Voting laws are largely controlled by states. They determine issues such as regulations for mail-in voting; how such ballots are reviewed to ensure the voter, not some other person, actually cast the ballot; and the use of partisan monitors to view the vote-counting process to prevent ballot box stuffing. They can influence, if not fully control, questions on how to keep voter rolls up to date as people move or die. They, not the federal government, are therefore in control of many important mechanisms that ensure ballot integrity.
Republicans control state legislatures in all of the six closest states in the most recent presidential election. Republican legislators can convene serious investigations into ballot integrity in those states and see what the facts show.
Too little of the discussion over ballot access and integrity is driven by facts. Democrats make wild assertions about voter suppression that look ridiculous in light of the record-high voter turnout we have experienced in the past two elections. If Republicans are trying to suppress turnout, they have been mighty incompetent at doing so. Meanwhile, Republicans make wild assertions about voter fraud, alleging, for example, that millions of noncitizens vote without serious evidence. Both sides’ accusations are likely wrong, but we cannot know how wrong they are unless legislative entities make serious, nonpolitical inquiries into what is actually happening.
Any investigation will surely turn up anecdotes of wrongdoing, bad record keeping or voters who felt turned away from the polls because of a mixup or legal barrier. Law should not be made on anecdote, however, especially on matters as central to trust in democratic institutions as voting. An investigation such as this will have persuasive power only if the investigators are open to reporting facts rather than chasing preordained conclusions.
Serious investigations will likely turn up evidence of problems, but not extensive cheating or fraud. Take the question of voting by noncitizens. Many believe that millions of these people vote every year. The Census Bureau estimates there are 20 million adult noncitizens in the United States. After the 2016 election, Trump alleged without evidence that between 3 million and 5 million noncitizens voted. If that were true, as many as 25 percent of the noncitizen population voted illegally. The left-leaning Brennan Center for Justice, on the other hand, claimed in a recent report that only 0.0001 percent of 2016 votes were cast by noncitizens in jurisdictions it studied, but this was based solely on interviews it conducted with election officials rather than a systematic study of voter rolls themselves. The truth is almost certainly between these wildly improbable extremes, and only a serious, comprehensive investigation can determine whether there is a problem with noncitizen voting that needs to be solved or whether it is just an urban legend.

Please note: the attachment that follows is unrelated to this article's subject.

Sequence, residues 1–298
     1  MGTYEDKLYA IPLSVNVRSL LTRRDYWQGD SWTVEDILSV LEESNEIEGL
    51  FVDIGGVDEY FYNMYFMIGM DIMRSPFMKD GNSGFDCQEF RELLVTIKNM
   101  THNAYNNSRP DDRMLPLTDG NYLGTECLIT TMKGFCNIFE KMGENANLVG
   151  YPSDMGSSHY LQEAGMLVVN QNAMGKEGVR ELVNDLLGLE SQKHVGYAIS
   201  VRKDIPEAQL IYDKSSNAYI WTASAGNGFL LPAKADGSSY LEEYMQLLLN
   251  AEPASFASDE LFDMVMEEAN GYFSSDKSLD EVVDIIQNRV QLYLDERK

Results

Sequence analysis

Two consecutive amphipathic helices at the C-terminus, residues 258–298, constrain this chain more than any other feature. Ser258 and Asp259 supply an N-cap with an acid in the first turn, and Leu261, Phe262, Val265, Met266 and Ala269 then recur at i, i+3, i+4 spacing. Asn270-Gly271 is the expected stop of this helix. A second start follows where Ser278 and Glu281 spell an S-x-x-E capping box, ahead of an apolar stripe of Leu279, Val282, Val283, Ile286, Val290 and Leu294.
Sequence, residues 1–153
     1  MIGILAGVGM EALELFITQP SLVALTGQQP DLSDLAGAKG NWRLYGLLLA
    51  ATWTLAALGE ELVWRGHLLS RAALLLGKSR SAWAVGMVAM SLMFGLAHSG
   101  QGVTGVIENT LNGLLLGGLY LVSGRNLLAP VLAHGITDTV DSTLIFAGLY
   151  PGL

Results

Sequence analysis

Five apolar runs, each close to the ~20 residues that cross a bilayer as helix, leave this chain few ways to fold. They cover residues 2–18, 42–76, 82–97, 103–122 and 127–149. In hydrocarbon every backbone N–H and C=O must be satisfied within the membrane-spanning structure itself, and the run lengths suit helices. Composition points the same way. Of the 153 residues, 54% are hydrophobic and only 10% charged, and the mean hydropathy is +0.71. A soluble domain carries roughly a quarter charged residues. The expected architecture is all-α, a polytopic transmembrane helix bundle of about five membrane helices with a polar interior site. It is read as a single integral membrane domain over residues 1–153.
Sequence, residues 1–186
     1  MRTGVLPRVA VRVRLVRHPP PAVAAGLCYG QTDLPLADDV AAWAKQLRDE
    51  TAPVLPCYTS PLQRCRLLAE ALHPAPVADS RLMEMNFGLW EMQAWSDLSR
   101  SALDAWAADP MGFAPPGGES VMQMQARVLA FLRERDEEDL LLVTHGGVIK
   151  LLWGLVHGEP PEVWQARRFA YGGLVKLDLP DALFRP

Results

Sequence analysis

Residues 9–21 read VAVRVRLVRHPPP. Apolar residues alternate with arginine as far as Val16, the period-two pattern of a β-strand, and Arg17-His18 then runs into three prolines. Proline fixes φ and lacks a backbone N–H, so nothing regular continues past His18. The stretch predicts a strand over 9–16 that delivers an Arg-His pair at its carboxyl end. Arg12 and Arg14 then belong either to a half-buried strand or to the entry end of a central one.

The same is true with partisan observers. The laws all states have to permit partisan observers to monitor voting and vote counting were mostly written when almost all votes were cast in person on Election Day. But now, tens of millions of people vote by mail or in person at early vote centers. The way in which these votes are cast and counted may make it harder for partisan observers to provide the important oversight role they are intended to contribute. Factual investigations of how elections are actually conducted can help us determine the manner and extent to which laws need to be rewritten to ensure ballot integrity in the new age of voting.
Some might say such investigations will only reinforce conspiracy theories, but the opposite is true. Polls show a huge number of Republican voters believe the 2020 election was stolen and that voter fraud is a real problem. They will not regain trust in U.S. elections unless authorities they trust undertake a substantive, serious and thorough investigation of these charges. Factual investigations by Republican state legislatures can go a long way to rebuilding their trust in our elections.
The fact that this election was not stolen does not mean there are not problems to fix. Identifying what they are is a necessary precondition to bipartisan efforts to fix them. That’s an admirable and important task for state legislatures to take on.